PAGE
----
Guest Opinion: Community input adds public voice to page


June 15, 2014 

Put a "regular citizen" on a newspaper's Editorial Board? Time was when that concept might have raised the hackles of some professional journalists.

As a former Idaho Statesman reporter, I had my own doubts about the advisability of that action when the paper, years ago, announced plans to add what it called a "community member" to its traditional Editorial Board. I was skeptical about the wisdom of putting a nonjournalist into one of the key roles for any newspaper.

Well, the Idaho Statesman Editorial Board now has had community members for some 17 years. Any doubts have long since been erased in the most positive manner. The community members bring an outsider's perspective, plus a broad array of real-world personal and professional expertise, to the Editorial Board's process for making daily decisions about addressing ongoing news events and issues.

Here's how it works: The Editorial Board - including community member(s) along with Publisher Mike Jung and Editorial Page Editor Bob Ehlert - meets at 10: 30 a.m. every Tuesday. Ehlert gives the members a lengthy list of potential editorial subjects. Board members then discuss the items and jointly work out the best way to approach some of those issues editorially.

Between its weekly meetings, the Editorial Board also has frequent special background sessions with a variety of public figures, from Idaho's congressional delegation to state and local officials or representatives of the business community.

There also are numerous candidate interviews during local/state/national election cycles. (The candidate interviews were my personal favorite part of the job because of the wide range of, shall we say, "interesting" personalities sitting down for their board interviews.)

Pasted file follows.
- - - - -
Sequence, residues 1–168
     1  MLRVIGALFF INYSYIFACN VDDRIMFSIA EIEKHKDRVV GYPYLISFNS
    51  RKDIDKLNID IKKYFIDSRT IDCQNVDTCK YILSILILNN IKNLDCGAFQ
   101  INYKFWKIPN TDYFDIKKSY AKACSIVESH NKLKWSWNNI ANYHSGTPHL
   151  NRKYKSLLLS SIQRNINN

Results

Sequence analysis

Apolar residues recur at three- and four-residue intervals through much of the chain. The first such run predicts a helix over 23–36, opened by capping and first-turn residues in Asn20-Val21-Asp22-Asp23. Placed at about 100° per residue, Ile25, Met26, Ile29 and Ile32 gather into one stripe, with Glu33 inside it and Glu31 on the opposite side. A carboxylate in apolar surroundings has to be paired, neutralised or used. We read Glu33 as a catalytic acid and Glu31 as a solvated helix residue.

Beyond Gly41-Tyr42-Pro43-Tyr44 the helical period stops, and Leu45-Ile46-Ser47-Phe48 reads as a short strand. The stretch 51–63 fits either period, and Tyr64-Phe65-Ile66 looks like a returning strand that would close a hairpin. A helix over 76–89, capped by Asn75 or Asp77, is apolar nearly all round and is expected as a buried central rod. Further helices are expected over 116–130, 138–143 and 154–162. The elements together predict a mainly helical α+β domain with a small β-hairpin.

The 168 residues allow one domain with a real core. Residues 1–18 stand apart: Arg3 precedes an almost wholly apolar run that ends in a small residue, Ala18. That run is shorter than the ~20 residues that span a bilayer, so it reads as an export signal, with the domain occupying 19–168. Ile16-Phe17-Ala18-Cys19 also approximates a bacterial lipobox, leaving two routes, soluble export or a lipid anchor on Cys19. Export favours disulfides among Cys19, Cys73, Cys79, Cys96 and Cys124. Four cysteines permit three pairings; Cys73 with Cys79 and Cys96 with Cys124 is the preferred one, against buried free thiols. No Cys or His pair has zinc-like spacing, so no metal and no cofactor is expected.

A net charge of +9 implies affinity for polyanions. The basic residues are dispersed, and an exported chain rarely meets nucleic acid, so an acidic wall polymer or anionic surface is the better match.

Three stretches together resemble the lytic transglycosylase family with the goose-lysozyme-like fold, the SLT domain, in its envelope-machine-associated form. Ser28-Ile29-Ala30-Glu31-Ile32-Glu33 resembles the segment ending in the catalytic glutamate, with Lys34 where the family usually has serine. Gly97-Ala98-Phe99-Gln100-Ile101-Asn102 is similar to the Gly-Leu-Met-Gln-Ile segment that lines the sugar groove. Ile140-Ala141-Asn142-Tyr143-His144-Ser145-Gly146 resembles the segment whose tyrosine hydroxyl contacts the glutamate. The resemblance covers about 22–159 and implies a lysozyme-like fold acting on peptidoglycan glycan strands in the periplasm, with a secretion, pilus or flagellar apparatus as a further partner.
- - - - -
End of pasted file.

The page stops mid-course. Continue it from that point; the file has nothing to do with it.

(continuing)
From time to time, the Statesman's community members may write editorials on a subject within their particular area of expertise.

That's the basic job description. Without question, the community member makes a significant time commitment to serve his/her six-month stint on the Editorial Board. Some serve even longer. There's no denying that most of the issues discussed are complicated, often defying quick or easy solutions. The Editorial Board meetings are not a "debate society," but there can be a variety of strong opinions to air before compromise is developed on the ultimate editorial approach.

In fact, decisions about developing editorial positions routinely have been and are affected by the community member's input - broadened, or toned down, or strengthened, or sometimes stopped dead in their tracks because of the knowledge the community member brings to the table.

A few years ago, I also had the pleasure of serving as a community member on the Editorial Board. That experience showed me the importance of having someone outside the newspaper itself helping make decisions on the paper's reactions to the full range of news events - from national and foreign affairs to issues at the state, city and school board levels.

Over time, the list of those who have served includes several Idaho businesspeople, a former Republican statewide elected official, a former Democratic legislator, a former Republican legislator, a former Republican county sheriff, another Democratic state department head, a former state school superintendent, as well as a school district superintendent, and even a couple of former journalists.

Current community representatives are Marty Peterson and Angie Nelson. You'll recognize the names of many others who have served in this role - Tamara Brandstetter, Eric Hone, Tim Olson, Jerry Evans, Marilyn Shuler, Floyd Ayers, Darrell Manning, Sue Pisani, Tom Ryder, Hal Bunderson, Jason Pierre, Christine Donnell, Jessica Flynn, Lindy High, Vaughn Killeen and Susan Stacey, among others.

So - I've seen it from both sides now, as a former reporter and after a lengthy stint of my own on the Editorial Board. I've learned that the community members are, in fact, the Statesman's roots into the community, feeding information and opinions into the development of the newspaper's editorial voice.

Steve Ahrens is a former Statesman political editor, lobbyist for Boise Cascade Corp., and retired president of the Idaho Association of Commerce & Industry.

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